• World
  • indonesia

Voters Are Going to the Polls in an Election Seen as a Barometer of Indonesian Secularism

4 minute read

Jakarta voters lined up at polling booths on Wednesday to cast their votes in the Indonesian capital’s gubernatorial election, which has exposed religious and racial fault lines in the world’s most populous Muslim nation.

The vote is one of the 101 regional elections to be held simultaneously across the archipelago, but has hogged all the attention. The city’s incumbent governor is Basuki Tjahaja Purnama, an ethnic Chinese Christian. Known by his Hakka nickname Ahok, he is in court on blasphemy charges after he said, in a campaign speech, that voters were deceived by hard-line Muslims who cited a Quranic verse in support of their view that non-Muslims shouldn’t hold office.

Ahok is running against two candidates. Agus Harimurti Yudhoyono is the eldest son of former President Susilo Bambang Yudhoyono, and Anies Baswedan, a former Education Minister who served in the administration of current President Joko “Jokowi” Widodo.

Agus is backed by his father’s centrist Democratic Party, while Anies is backed by the right-wing Gerindra Party of Prabowo Subianto — Jokowi’s main rival in the 2014 presidential election. Gerindra aligned with conservative Islamic party PKS in the previous presidential election and has done so in the Jakarta polls. Ahok’s candidacy is supported by Jokowi’s party — the centrist and secular PDIP.

Having accusing Ahok of insulting Islam, hard-line Muslim groups, like the Islamic Defenders Front (FPI), have been organizing massive anti-Ahok protests since last October and now find themselves courted by his rivals.

Agus and Anies, who were once seen as moderate Muslim figures, have been hoping to win support from hard-liners. They attended the latest anti-Ahok protest — a prayer rally at the Istiqlal Mosque on Saturday, and even reiterated the claim that Muslims shouldn’t have non-Muslim leaders.

“It’s always intimidating how easily the mob can be provoked and how quickly things for minorities can take a turn for the worse,” Sonia Eryka, a Chinese-Indonesian style blogger who plans to vote for Ahok, tells TIME. “I think this [election] is one of the defining phases for us and this country.”

Indonesian democracy is constitutionally based on secularism, guaranteeing equal rights to all of its citizens regardless of religion as well as ethnicity. But Suratno, the chairman of Paramadina University’s Lead Institute think-tank in Jakarta, tells TIME that the Jakarta election will test “whether Islamic populism is having an effect at the polling booths.” Ahok’s victory, he says, is important for “the fight to safeguard democracy and to prevent the rise of political Islam and Islamic populism.”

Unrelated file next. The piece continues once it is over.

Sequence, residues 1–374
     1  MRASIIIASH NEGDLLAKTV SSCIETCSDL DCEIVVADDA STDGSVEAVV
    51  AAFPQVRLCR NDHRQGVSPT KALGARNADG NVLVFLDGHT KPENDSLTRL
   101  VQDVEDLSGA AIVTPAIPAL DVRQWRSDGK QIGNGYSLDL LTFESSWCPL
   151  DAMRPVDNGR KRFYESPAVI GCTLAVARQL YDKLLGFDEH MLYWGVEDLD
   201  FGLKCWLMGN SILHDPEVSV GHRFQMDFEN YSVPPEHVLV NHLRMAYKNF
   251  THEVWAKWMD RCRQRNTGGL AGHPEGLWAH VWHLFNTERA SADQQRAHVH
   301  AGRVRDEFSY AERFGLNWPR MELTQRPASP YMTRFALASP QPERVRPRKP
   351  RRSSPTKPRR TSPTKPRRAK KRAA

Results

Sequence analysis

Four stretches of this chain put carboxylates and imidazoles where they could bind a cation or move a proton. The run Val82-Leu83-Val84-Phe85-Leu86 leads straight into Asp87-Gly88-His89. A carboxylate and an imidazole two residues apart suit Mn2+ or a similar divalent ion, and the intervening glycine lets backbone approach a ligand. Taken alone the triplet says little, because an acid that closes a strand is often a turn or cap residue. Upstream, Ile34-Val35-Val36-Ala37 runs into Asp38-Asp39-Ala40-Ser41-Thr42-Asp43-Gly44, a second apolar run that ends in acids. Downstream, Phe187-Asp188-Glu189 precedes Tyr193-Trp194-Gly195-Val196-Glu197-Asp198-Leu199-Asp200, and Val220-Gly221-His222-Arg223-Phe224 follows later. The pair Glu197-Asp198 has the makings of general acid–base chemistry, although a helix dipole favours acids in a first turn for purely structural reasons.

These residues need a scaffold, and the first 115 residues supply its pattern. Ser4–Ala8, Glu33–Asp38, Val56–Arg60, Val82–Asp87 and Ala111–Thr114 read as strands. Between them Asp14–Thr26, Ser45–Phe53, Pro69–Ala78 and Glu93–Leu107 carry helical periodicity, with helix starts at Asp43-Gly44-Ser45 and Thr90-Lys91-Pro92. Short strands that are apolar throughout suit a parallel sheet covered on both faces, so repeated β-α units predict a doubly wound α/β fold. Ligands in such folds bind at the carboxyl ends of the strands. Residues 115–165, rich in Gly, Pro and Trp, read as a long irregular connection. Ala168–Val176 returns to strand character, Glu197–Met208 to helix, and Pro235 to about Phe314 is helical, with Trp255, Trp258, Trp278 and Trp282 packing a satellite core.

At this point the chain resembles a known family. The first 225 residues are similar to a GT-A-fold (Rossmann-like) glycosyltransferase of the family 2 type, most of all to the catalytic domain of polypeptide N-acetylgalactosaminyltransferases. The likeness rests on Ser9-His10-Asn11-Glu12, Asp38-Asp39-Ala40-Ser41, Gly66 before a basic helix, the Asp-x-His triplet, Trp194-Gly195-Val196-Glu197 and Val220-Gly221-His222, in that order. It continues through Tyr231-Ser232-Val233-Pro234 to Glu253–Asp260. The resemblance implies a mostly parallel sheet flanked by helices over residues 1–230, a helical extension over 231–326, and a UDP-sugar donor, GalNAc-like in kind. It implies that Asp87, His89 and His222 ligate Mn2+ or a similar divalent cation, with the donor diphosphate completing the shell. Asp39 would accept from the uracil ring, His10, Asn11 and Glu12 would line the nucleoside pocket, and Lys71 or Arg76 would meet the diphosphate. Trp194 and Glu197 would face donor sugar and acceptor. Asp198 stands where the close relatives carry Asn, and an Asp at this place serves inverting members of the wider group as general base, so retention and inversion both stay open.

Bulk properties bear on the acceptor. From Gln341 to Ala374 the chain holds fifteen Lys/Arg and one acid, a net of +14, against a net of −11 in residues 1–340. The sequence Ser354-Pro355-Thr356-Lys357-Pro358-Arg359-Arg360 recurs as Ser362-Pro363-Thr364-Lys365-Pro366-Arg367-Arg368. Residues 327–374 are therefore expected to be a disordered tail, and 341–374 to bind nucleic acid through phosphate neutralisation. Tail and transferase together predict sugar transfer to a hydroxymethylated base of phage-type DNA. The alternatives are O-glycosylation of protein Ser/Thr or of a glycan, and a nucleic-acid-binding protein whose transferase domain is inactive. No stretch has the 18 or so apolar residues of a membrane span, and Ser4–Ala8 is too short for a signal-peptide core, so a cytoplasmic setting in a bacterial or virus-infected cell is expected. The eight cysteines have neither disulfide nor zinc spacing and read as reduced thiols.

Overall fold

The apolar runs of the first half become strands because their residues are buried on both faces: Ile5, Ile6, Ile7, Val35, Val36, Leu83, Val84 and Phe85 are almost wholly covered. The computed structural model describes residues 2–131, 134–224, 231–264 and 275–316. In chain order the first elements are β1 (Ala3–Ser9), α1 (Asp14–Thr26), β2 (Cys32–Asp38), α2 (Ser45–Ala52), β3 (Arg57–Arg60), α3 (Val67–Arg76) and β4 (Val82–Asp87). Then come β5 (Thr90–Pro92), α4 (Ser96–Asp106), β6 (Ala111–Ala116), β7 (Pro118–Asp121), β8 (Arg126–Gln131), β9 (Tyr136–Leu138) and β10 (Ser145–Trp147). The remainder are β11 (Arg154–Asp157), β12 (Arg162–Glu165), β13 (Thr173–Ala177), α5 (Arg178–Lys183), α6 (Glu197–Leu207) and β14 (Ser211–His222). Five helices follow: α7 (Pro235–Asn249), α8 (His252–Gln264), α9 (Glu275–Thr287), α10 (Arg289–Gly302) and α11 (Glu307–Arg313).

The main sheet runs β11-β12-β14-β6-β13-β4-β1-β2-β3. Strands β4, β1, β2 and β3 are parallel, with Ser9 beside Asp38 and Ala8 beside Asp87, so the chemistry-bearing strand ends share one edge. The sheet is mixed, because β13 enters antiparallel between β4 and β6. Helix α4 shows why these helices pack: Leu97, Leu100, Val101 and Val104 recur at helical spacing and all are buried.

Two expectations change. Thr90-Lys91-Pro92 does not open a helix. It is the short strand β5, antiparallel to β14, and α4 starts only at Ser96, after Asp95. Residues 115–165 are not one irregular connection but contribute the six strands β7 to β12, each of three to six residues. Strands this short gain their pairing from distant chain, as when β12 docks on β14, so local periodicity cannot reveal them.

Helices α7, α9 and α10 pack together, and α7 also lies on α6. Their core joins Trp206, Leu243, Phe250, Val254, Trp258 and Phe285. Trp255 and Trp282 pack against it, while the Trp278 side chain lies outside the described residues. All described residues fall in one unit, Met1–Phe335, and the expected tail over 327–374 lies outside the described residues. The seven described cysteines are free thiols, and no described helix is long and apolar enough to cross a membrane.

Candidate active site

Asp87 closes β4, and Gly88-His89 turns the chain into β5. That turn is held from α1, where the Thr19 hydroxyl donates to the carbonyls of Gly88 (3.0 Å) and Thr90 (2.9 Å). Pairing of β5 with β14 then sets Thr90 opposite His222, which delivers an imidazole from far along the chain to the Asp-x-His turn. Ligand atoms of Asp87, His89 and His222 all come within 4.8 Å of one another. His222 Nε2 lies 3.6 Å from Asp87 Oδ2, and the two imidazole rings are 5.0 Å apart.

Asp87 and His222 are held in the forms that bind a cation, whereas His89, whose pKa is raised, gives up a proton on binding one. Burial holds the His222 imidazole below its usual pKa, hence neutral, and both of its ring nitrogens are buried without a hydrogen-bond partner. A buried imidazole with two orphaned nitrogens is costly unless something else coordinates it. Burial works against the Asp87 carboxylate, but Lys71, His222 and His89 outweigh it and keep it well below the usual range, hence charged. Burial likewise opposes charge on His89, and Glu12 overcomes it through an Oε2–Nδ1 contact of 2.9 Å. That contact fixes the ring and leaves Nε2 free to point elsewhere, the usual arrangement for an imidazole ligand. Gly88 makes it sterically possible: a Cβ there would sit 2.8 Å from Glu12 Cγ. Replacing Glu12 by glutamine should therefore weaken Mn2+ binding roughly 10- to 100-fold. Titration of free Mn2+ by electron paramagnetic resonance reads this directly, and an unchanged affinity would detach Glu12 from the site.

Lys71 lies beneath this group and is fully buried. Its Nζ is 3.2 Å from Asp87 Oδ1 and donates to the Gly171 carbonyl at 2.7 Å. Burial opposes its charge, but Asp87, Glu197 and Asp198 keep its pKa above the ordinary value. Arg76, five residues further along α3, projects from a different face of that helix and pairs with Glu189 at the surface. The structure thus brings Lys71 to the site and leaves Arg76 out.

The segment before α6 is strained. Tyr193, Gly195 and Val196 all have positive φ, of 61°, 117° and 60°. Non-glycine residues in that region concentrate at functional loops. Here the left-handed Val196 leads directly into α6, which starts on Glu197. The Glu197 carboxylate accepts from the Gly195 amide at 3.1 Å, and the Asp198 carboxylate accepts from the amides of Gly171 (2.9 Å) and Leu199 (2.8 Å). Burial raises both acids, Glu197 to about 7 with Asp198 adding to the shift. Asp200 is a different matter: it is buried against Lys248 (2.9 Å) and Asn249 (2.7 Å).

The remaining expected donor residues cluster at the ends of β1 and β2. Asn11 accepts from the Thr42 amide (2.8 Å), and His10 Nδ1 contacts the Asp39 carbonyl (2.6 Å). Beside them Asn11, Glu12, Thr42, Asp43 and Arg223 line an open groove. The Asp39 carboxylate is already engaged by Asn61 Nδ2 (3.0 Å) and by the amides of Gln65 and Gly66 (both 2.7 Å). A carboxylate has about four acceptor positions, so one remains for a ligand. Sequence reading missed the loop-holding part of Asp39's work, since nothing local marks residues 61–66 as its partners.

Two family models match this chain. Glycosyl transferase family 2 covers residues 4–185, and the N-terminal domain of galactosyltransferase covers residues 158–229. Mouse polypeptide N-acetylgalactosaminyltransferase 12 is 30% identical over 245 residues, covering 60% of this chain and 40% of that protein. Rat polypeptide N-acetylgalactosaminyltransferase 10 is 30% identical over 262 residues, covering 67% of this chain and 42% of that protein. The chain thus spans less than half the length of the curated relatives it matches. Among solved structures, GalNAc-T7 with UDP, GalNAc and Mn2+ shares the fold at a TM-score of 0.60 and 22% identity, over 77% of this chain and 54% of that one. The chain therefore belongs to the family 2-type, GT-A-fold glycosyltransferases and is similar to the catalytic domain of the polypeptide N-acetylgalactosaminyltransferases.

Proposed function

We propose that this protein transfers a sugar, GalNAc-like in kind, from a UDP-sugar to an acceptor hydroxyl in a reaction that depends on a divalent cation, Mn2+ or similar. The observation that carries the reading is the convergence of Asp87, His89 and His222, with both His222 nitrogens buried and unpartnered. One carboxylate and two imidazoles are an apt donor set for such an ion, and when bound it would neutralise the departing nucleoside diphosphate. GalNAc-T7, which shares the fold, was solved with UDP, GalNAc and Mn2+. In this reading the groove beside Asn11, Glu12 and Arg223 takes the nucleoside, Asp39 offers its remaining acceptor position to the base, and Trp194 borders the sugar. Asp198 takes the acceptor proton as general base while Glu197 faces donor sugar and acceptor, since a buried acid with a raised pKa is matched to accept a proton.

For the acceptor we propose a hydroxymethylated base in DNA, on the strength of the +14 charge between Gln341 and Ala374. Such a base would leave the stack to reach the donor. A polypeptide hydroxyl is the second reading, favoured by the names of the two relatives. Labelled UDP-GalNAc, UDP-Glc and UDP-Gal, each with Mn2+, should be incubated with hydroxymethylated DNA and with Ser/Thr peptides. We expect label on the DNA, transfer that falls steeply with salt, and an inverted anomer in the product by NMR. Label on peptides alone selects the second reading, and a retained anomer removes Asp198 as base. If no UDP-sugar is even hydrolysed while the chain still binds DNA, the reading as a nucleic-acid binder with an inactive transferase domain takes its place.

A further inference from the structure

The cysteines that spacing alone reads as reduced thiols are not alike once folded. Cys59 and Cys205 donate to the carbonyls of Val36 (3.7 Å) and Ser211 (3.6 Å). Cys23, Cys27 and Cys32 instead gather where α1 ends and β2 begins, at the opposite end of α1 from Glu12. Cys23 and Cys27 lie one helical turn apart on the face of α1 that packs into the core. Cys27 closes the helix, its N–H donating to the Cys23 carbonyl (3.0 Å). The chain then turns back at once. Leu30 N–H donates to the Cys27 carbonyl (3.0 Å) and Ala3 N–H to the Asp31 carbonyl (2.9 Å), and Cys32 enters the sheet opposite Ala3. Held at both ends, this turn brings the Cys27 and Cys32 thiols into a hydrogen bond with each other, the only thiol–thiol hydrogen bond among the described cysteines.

Ahok has been languishing in the opinion polls for months because of the blasphemy case, but he is surging back. A survey by pollster Indikator on Friday showed he led the polls with around 39% of respondents favoring him. Anies came in second at nearly 35.4%, followed by Agus at about 19.5%. If no candidate wins more than 50% vote, there will be a second round of voting in April.

The Jakarta governor may be further helped by a scandal embroiling rival Agus’ father. Less than 24 hours before polls were set to open, the former head of Indonesia’s anticorruption agency, Antasari Azhar, held a bombshell press conference.

Antasari, who served nearly eight years of an 18-year sentence for a murder he says he didn’t commit, told journalists that former President Yudhoyono orchestrated the trumped-up charges that saw him languishing in jail until he was granted clemency by President Joko “Jokowi” Widodo last November.

“I demand SBY open his mouth. He knows my case,” Antasari said on Tuesday afternoon, referring Yudhoyono by his initials. “I want him to open up to the public on what he did and who he ordered to criminalize me.”

Antasari also claims that, weeks before his arrest, he was asked by tycoon Hary Tanoesoedibjo — a Chinese-Indonesian politician and a business partner of U.S. President Donald Trump — not to detain Agus’ father-in-law on graft charges. (In this election, Tanoesoedibjo signaled his support to Anies.)

Yudhoyono has vigorously denied the accusations. He alleges that Jokowi’s clemency was politically motivated and Antasari’s statement is an attempt to discredit him and to ruin the chances of his son Agus in the election. “The slanderous attack and character assassination are directly related with the regional election in Jakarta,” the former President said.

Results, which will begin trickling in Wednesday afternoon local time, will show whether or not he is believed.

More Must-Reads from TIME

Contact us at letters@time.com